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Strictly Business: Are You Certifiable?
Posted Jun 1, 2008 - June 2008 Issue Print Version     Page 1of 1
  

I’m known in some circles as "Doc Yankee." That said, I wouldn’t suggest you ask me to perform any sort of medical procedure, even though I have bandaged a lot of knees and removed a lot of splinters in my day. While the moniker doesn’t tell potential clients anything about my skills as an entrepreneur, writer, producer, and marketing consultant, it might give them a sense that they’re in good hands—unless, of course, they find out I sent for my degree from the back of a magazine years ago.


But that’s another story entirely. What I want to address in this column has to do with your reputation, your bona fides—in short, your credentials and how your prospects and clients perceive you.If you’ve been in the event videography business for a while, chances are you’ve won awards for your work. You may have taken classes that qualified you for certificates of achievement. Perhaps you’ve even received academic degrees in your area of expertise.

Back when I worked in the advertising agency game, the Addy Awards were the ultimate goal. Winning my first Addy suggested to me that I had arrived and that my creative efforts were worthy ones, deserving of recognition. As time went on, the awards kept coming in, and, of course, nothing ever thrilled me as much as winning that first plaque did. One year, I won a total of 17 Addies for my work. In the early ’80s, I won a "Best of Show" and copped a national Silver Addy for a commercial. I picked up a couple of Silver Eagles from the U.S. Industrial Film Fair, a bunch of PROVAs from the old Association of Professional Videographers, and a shelf full of Tellys. I even shared an office with an Emmy winner (you can bet we had that trophy right in our reception room!). I’m not a stranger to having a wall full of awards and citations.

Well, that was way back then … and this is now. I don’t have a wall full of plaques and a shelf full of trophies anymore. For one thing, my clients rarely (if ever) visit my offices. For another ... well, I’ve done this video thing for darn near 40 years. If I haven’t convinced people of my expertise by now, I’d better hang up my hat and look for something else to do.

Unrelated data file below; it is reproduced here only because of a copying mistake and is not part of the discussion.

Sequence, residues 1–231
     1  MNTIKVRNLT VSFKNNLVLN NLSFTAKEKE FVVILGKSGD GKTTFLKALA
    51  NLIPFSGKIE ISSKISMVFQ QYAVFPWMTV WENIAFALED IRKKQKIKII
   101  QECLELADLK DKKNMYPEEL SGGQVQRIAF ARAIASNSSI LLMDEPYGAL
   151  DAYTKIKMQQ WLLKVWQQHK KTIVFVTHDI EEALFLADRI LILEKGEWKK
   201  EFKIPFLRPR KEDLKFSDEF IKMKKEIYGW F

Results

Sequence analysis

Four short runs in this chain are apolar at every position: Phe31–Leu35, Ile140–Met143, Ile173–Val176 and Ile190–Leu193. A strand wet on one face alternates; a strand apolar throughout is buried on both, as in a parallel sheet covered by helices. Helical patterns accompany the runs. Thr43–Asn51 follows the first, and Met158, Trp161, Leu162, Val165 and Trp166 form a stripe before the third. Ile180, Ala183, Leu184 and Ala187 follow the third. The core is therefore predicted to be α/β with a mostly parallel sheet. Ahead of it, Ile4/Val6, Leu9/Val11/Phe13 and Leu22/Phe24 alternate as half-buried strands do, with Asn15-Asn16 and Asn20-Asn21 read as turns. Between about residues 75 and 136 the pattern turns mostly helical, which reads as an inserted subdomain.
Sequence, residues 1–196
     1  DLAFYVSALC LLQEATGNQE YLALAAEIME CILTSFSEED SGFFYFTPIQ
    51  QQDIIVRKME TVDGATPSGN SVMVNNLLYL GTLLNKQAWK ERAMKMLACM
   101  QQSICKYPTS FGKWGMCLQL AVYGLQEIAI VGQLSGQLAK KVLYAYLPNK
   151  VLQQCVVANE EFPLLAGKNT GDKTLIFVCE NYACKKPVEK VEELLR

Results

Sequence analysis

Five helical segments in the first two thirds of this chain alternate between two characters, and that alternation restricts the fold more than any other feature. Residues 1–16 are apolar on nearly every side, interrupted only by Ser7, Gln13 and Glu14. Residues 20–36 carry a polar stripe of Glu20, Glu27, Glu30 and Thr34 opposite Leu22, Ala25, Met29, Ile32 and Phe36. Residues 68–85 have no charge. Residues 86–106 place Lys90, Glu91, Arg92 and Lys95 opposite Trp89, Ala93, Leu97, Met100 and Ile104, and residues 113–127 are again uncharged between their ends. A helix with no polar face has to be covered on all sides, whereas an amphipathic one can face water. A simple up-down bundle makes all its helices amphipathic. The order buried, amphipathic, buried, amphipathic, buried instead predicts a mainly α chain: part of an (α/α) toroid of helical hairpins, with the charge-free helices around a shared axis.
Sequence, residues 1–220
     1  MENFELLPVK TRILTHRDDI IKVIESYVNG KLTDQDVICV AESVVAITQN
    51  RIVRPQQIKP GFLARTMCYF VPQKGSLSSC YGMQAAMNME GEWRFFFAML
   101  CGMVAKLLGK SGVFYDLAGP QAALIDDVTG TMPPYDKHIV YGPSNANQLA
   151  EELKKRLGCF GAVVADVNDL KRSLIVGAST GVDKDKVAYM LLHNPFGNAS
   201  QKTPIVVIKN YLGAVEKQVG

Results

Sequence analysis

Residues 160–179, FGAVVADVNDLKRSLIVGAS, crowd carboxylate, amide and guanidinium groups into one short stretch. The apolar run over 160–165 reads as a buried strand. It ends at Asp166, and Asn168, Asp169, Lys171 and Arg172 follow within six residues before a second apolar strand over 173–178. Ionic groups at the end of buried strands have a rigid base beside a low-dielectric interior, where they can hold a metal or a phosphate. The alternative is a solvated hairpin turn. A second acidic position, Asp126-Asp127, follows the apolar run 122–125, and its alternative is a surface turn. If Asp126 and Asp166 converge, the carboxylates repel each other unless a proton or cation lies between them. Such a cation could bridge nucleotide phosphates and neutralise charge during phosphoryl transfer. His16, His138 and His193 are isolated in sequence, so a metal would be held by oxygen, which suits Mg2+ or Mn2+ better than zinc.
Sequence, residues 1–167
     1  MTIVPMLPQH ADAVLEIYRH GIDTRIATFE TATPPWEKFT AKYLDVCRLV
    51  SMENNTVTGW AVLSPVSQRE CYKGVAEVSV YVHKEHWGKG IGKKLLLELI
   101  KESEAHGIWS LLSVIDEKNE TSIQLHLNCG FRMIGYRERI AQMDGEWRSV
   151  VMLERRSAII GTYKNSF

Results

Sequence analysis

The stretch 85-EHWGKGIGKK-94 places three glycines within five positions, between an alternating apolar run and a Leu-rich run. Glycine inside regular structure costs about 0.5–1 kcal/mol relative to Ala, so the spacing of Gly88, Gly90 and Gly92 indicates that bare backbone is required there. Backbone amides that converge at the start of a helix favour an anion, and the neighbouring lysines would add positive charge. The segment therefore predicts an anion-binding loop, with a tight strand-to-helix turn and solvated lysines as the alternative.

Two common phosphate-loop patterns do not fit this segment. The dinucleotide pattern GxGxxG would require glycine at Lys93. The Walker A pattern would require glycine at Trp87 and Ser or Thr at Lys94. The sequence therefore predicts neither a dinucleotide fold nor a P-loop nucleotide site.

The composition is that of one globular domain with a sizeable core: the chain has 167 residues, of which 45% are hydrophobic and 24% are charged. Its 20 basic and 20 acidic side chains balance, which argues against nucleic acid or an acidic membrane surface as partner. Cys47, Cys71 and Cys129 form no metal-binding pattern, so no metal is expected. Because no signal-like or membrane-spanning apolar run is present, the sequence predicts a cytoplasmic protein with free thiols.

That’s not to say certifications and awards don’t serve a purpose. Despite the fact that some of your peers tend to be a little cynical about these things—okay, very cynical—most of your prospects will be impressed by them.

People attach a lot of credibility to awards. They are a not-so-subtle reminder to your clients that their confidence in you is rewarded with award-winning work.

Another way to look at this is to think outside the world of videography. When your car needs maintenance, would you prefer buying parts from an authorized NAPA dealer, or a big box store? Does the Good Housekeeping Seal of Approval mean—or imply—that you’re getting a better product? How about something that carries Consumer Reports’ endorsement? All other things being equal, which product would you purchase: the one with the award/certification or the one without?

All these things provide validation; they help to assure the buyer that they’re getting a good deal or that they’re getting the best solution available. In short, they’re trusted resources. So why can’t you be your own trusted resource? Use your "authority" to your best advantage! Granted, prospective clients are a bit more savvy than they used to be, but internet research and thumbing through the phone directories still takes time. The more information you can provide your prospects to make their decision easier, the better for you.

Case in point: I recently ran across a still photographer who markets herself as having received the "2007 Photographer of the Year" award from an international photographers’ organization. When I went to the organization’s website, I found that she had indeed won this award, but so had many, many other photographers!

Of course, nothing in the rules of marketing says she needed to include this information. And being the good businesswoman that she is, she whipped up a press release and sent it to the business editor of the local paper. She also uses the award on her brochures and her website.

Now, if I were a prospective client, I might deem myself worthy—even very lucky—to be able to engage the services of the "2007 Photographer of the Year." Or I could settle for less, maybe, and go to the guy with the studio down the street. You know, the one who isn’t the "Photographer of the Year."

Another good thing about awards and certificates is that they wake us up a bit. They let us see what the competition is doing. They also allow us the opportunity to pat ourselves on the back. They serve as a reminder of the excellent work we do. There’s nothing wrong with that.

Let your peers and competition be cynical. Although not all awards and certifications are created equal, each one can be used as yet another tool with which to promote and market your business.

That’s certifiable.

Steve Yankee (syankee at opinmarketing.com) has more than 35 years of video production and marketing experience and is the founder of The Video Business Advisor in East Lansing, MI.



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